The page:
Data analyses with Python & Jupyter

Introduction

You can do complex biological data manipulation and analyses using the pandas python package (or by switching kernels, using R!)

We will look at pandas here, which provides R-like functions for data manipulation and analyses. pandas is built on top of NumPy. Most importantly, it offers an R-like DataFrame object: a multidimensional array with explicit row and column names that can contain heterogeneous types of data as well as missing values, which would not be possible using numpy arrays.

pandas also implements a number of powerful data operations for filtering, grouping and reshaping data similar to R or spreadsheet programs.

Installing Pandas

pandas requires NumPy. See the Pandas documentation. If you installed Anaconda, you already have Pandas installed. Otherwise, you can sudo apt install it.

Assuming pandas is installed, you can import it and check the version:

import pandas as pd
pd.__version__
'0.17.1'

Also import scipy:

import scipy as sc

Reminder about tabbing and help!

As you read through these chapters, don’t forget that Jupyter gives you the ability to quickly explore the contents of a package or methods applicable to an an object by using the tab-completion feature. Also documentation of various functions can be accessed using the ? character. For example, to display all the contents of the pandas namespace, you can type

In [1]: pd.<TAB>

And to display Pandas’s built-in documentation, you can use this:

In [2]: pd?

Pandas dataframes

The dataframes is the main data object in pandas.

importing data

Dataframes can be created from multiple sources - e.g. CSV files, excel files, and JSON.

MyDF = pd.read_csv('../data/testcsv.csv', sep=',')
MyDF
Species Infraorder Family Distribution Body mass male (Kg)
0 Daubentonia_madagascariensis Chiromyiformes Daubentoniidae Madagascar 2.700
1 Allocebus_trichotis Lemuriformes Cheirogaleidae Madagascar 0.100
2 Avahi_laniger Lemuriformes Indridae America 1.030
3 Avahi_occidentalis Lemuriformes Indridae Madagascar 0.814
4 Avahi_unicolor Lemuriformes Indridae America 0.830
5 Cheirogaleus_adipicaudatus Lemuriformes Cheirogaleidae Madagascar 0.200
6 Cheirogaleus_crossleyi Lemuriformes Cheirogaleidae Madagascar 0.400
7 Cheirogaleus_major Lemuriformes Cheirogaleidae Madagascar 0.450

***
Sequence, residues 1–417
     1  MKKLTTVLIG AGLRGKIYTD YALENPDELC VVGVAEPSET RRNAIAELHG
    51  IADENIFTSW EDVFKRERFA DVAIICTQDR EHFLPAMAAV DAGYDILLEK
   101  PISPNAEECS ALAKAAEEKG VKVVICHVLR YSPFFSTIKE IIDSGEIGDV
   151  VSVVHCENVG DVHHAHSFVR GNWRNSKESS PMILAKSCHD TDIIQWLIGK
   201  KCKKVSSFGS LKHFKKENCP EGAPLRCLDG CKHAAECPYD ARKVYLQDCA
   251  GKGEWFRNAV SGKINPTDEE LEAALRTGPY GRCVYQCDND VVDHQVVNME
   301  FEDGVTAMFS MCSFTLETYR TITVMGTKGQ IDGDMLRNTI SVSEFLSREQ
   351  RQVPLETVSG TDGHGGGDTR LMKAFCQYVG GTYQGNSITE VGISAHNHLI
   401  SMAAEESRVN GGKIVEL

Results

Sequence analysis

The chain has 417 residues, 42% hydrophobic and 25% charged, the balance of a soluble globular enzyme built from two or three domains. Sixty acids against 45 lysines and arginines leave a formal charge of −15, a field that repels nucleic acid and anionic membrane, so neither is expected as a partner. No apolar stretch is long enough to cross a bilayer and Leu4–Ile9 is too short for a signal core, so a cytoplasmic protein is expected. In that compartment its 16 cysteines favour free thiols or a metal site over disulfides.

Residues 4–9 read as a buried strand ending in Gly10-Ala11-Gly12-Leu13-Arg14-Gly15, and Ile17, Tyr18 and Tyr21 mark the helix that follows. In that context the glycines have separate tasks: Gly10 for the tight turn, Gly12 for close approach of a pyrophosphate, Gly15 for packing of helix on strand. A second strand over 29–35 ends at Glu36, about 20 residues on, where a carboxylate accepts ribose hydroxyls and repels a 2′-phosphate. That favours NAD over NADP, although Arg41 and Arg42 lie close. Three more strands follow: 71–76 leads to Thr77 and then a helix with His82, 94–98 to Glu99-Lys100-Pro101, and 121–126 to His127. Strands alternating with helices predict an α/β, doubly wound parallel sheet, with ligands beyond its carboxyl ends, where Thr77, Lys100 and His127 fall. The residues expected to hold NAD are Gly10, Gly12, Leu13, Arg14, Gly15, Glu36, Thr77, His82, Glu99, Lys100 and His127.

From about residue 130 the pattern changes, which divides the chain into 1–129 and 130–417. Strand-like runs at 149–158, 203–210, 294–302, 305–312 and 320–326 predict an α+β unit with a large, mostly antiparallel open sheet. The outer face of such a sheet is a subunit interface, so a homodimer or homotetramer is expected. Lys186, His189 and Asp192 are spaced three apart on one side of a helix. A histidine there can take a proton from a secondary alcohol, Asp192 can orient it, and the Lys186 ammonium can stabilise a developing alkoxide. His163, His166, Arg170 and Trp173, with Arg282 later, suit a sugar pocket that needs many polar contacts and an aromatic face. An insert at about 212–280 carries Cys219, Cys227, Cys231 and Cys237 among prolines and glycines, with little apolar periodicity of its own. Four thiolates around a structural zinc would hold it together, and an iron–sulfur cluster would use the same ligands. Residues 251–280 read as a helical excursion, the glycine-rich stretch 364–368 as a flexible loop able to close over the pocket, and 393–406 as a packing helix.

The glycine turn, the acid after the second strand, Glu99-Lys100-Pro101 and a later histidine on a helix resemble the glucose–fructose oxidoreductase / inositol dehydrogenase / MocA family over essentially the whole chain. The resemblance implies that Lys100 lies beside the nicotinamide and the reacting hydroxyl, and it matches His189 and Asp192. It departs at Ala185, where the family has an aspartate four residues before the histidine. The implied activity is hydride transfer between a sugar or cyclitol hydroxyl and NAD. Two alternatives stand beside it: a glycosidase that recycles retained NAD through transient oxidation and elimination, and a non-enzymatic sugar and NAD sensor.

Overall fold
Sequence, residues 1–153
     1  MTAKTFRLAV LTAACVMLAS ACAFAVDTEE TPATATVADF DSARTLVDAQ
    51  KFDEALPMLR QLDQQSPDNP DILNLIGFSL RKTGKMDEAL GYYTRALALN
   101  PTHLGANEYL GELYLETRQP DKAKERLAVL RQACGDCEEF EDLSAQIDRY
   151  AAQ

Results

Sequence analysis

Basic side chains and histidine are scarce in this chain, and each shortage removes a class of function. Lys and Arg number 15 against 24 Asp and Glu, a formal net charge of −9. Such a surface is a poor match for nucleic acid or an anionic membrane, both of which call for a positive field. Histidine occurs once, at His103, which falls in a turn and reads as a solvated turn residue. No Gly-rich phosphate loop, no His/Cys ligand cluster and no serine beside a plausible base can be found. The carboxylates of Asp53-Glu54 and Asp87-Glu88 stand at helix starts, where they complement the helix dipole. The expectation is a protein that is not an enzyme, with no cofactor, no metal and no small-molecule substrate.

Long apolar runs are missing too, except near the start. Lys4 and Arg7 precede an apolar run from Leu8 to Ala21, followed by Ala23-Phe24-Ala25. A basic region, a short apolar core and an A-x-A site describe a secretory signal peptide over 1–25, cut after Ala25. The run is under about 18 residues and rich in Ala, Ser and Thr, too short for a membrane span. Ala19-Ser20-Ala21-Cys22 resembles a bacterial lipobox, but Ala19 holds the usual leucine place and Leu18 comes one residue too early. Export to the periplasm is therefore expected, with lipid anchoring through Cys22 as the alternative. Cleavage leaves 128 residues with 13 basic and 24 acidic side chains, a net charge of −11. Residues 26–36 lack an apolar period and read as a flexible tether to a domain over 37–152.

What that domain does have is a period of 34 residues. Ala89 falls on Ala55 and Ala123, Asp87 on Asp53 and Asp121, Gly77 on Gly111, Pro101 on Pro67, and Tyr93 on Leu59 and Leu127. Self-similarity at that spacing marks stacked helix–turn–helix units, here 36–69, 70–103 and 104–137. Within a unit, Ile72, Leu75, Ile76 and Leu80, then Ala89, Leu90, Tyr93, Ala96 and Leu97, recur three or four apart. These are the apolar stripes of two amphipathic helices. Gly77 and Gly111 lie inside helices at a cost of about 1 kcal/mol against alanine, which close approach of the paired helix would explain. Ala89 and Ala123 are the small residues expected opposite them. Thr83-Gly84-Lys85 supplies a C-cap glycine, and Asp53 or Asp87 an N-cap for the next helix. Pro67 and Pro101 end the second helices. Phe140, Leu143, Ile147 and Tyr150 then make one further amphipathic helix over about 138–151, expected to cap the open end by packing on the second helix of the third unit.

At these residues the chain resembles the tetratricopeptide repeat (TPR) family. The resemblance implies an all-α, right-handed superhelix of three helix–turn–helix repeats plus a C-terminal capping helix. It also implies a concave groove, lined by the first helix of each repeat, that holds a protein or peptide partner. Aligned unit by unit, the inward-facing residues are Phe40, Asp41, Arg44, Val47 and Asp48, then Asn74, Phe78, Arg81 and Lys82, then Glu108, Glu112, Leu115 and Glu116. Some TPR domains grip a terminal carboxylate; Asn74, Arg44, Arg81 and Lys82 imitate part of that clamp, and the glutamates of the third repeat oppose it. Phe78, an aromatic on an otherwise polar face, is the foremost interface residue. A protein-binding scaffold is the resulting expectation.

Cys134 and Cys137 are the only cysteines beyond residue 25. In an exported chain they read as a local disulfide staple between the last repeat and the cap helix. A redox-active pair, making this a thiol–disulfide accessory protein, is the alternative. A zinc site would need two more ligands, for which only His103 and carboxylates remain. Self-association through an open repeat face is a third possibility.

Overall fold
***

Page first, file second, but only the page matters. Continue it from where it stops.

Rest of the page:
8 Cheirogaleus_medius Lemuriformes Cheirogaleidae Madagascar 0.217

Creating dataframes

You can also create dataframes using a python dictionary like syntax:

MyDF = pd.DataFrame({
   'col1': ['Var1', 'Var2', 'Var3', 'Var4'],
   'col2': ['Grass', 'Rabbit', 'Fox', 'Wolf'],
   'col3': [1, 2, sc.nan, 4]
})

MyDF
col1 col2 col3
0 Var1 Grass 1
1 Var2 Rabbit 2
2 Var3 Fox NaN
3 Var4 Wolf 4

Examining your data

# Displays the top 5 rows. Accepts an optional int parameter - num. of rows to show
MyDF.head()
col1 col2 col3
0 Var1 Grass 1
1 Var2 Rabbit 2
2 Var3 Fox NaN
3 Var4 Wolf 4
# Similar to head, but displays the last rows
MyDF.tail()
col1 col2 col3
0 Var1 Grass 1
1 Var2 Rabbit 2
2 Var3 Fox NaN
3 Var4 Wolf 4
# The dimensions of the dataframe as a (rows, cols) tuple
MyDF.shape
(4, 3)
# The number of columns. Equal to df.shape[0]
len(MyDF) 
4
# An array of the column names
MyDF.columns 
Index(['col1', 'col2', 'col3'], dtype='object')
# Columns and their types
MyDF.dtypes
col1     object
col2     object
col3    float64
dtype: object
# Converts the frame to a two-dimensional table
MyDF.values 
array([['Var1', 'Grass', 1.0],
       ['Var2', 'Rabbit', 2.0],
       ['Var3', 'Fox', nan],
       ['Var4', 'Wolf', 4.0]], dtype=object)
# Displays descriptive stats for all columns
MyDF.describe()
col3
count 3.000000
mean 2.333333
std 1.527525
min 1.000000
25% 1.500000
50% 2.000000
75% 3.000000
max 4.000000

OK, I am going to stop this brief intro to Jupyter with pandas here! I think you can already see the potential value of Jupyter for data analyses and visualization. As I mentioned above, you can also use R (e.g., using tidyr + ggplot) for this.

Readings and Resources